--cbf-sim-source <DESCRIPTION>, --cbf-sim-source-file <FILENAME>

These are similar, but for sources rather than antennas.

--cbf-sim-gain <FACTOR>

System-wide gain, as described above

Telescope state

Command-line options can be loaded through katsdptelstate in the standard way. Antennas and sources are slightly different, however. The antennas must be placed in a cbf_antennas key (in the config dictionary), which is a list of dictionaries. Each dictionary has a description key, which is the antenna string. This is to allow for future expansion. The sources are similarly placed in a cbf_sim_sources key.

The target is read from the telescope state sensor cbf_target, using the latest value strictly prior to the start of the dump. Thus, all values for a simulation can be pre-loaded.

The pointing direction is specified by the telescope state sensors ant_pos_actual_scan_azim and ant_pos_actual_scan_elev, where ant is replaced by the name of the first antenna. These provide the azimuth and elevation, in degrees, for the first antenna. In future, other antenna directions might be used, but for now they are ignored.

katcp protocol

Use the ?help command to obtain a full list of commands. The general flow is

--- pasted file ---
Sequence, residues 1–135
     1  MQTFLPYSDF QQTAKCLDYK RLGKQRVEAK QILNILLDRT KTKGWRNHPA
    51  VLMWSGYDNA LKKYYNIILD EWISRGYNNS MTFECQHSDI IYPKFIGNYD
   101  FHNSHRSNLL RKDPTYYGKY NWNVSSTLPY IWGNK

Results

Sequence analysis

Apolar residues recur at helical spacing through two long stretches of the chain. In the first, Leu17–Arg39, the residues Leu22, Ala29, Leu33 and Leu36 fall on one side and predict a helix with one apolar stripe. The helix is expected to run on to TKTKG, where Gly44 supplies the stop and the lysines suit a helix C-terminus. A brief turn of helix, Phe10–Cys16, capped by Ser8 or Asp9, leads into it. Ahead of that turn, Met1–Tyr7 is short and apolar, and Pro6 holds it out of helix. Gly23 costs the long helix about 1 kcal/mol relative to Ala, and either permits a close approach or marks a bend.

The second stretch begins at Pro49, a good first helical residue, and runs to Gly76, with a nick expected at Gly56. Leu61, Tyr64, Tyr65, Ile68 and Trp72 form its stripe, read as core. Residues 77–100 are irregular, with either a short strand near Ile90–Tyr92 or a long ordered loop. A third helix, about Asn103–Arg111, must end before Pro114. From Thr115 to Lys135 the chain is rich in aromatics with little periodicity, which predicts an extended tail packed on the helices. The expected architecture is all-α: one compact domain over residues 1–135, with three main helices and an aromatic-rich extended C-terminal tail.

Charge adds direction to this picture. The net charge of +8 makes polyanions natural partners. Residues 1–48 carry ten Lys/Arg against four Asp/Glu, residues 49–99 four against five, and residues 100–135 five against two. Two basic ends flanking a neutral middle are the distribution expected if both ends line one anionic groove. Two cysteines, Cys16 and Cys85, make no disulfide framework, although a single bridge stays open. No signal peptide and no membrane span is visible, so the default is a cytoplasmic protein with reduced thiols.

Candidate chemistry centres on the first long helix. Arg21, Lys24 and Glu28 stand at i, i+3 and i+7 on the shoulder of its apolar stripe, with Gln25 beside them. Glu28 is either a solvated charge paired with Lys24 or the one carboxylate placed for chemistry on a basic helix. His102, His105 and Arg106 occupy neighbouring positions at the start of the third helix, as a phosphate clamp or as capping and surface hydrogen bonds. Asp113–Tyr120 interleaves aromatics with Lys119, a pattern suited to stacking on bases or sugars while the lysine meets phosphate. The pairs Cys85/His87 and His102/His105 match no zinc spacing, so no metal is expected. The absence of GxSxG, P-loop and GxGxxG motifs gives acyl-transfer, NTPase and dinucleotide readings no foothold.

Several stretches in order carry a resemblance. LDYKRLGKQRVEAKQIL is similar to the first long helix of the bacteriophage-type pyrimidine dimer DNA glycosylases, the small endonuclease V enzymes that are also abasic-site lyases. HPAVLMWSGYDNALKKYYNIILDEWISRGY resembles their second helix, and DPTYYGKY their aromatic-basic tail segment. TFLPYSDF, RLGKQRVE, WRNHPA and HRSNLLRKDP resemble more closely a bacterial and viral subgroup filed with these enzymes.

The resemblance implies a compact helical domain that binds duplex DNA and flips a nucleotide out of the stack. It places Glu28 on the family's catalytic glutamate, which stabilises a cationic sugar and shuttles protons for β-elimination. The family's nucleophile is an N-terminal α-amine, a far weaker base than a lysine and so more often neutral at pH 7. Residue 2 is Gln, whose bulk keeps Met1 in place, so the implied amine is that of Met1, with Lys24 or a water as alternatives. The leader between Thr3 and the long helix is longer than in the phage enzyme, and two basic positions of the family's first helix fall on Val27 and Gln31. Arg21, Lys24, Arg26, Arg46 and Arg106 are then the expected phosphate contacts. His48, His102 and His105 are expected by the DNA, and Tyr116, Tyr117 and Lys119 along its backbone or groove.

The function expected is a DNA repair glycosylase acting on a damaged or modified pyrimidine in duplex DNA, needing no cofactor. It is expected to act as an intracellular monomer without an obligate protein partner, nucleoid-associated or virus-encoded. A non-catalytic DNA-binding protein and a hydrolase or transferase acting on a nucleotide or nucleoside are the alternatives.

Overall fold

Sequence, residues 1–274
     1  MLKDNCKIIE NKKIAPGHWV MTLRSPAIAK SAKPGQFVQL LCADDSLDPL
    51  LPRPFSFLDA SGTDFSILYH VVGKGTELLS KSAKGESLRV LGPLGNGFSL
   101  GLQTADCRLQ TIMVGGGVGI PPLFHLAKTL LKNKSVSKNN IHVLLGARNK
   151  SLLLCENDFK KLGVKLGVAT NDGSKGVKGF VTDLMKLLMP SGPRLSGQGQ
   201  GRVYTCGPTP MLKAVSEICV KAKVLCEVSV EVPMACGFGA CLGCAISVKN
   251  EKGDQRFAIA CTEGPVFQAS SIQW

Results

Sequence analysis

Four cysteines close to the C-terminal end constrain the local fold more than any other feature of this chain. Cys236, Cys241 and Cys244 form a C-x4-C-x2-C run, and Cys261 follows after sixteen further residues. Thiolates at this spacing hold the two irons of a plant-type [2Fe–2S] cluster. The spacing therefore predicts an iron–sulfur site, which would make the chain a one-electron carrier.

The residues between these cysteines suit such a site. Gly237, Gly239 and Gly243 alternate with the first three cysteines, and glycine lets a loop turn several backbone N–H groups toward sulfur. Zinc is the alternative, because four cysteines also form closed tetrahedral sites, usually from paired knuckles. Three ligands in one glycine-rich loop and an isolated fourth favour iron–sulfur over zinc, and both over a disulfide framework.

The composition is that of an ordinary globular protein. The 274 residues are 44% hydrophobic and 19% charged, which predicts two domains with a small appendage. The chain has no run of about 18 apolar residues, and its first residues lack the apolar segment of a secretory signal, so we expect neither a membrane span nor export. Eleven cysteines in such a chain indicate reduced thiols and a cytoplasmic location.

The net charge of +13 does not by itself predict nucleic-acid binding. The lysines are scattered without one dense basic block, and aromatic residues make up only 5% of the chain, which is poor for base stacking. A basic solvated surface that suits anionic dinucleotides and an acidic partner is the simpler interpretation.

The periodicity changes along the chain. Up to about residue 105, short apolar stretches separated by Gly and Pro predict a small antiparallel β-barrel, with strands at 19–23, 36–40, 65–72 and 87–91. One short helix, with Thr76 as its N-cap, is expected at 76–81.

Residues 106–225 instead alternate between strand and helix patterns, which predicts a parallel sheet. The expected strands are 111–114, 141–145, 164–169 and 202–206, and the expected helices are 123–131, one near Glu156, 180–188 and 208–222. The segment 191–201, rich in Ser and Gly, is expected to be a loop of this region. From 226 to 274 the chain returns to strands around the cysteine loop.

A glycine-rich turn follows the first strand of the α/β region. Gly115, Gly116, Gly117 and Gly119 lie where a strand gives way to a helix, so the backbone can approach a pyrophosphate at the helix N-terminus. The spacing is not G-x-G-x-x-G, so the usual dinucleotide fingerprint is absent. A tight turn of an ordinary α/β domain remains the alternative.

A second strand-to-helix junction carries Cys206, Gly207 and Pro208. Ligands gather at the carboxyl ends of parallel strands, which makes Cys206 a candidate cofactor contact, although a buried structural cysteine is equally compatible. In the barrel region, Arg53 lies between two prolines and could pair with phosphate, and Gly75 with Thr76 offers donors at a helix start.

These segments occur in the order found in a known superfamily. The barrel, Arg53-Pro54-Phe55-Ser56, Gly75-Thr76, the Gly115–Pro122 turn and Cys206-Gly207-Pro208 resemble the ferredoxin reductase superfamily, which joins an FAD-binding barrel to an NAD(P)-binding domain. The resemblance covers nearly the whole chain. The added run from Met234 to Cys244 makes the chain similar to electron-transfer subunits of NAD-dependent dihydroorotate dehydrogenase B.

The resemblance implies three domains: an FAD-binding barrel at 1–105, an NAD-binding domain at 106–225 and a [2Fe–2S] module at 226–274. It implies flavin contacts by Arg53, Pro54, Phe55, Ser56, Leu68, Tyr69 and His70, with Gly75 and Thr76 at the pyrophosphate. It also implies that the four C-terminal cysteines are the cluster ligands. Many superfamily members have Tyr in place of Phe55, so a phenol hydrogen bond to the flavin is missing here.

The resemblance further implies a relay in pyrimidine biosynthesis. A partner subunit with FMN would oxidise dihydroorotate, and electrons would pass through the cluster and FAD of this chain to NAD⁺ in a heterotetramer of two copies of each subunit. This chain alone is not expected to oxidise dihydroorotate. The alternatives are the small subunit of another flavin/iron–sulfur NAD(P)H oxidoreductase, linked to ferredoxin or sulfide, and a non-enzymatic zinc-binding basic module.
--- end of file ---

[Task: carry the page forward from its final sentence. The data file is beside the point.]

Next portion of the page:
1. Define a stream with ?stream-create-correlator.

  2. Set world and correlator static properties.

  3. Start the data flow with ?capture-start.

  4. Set dynamic properties as the simulation proceeds.

  5. Stop the data flow with ?capture-stop.

Note that static properties cannot be changed while a capture is in progress, but can be modified between captures.

Mixed katcp and telstate

If the subarray static properties are not known at the time the simulator process is started, they can still be loaded from telstate later, using the ?configure-subarray-from-telstate request. This takes an optional parameter, which is a comma-separated list of antenna names, and requires that --telstate was given on the command line. If no antenna names are listed, the names of the antennas configured at startup are used, replacing their positions (this is a good match for --cbf-antenna-names).

For each antenna named name, the attribute name_observer is used to obtain the antenna. It can be specified as either a description string or an antenna object.

This flow can also be used in the opposite direction: antennas configured on the command line with --cbf-antenna or --cbf-antenna-file are stored into telstate as name_observer.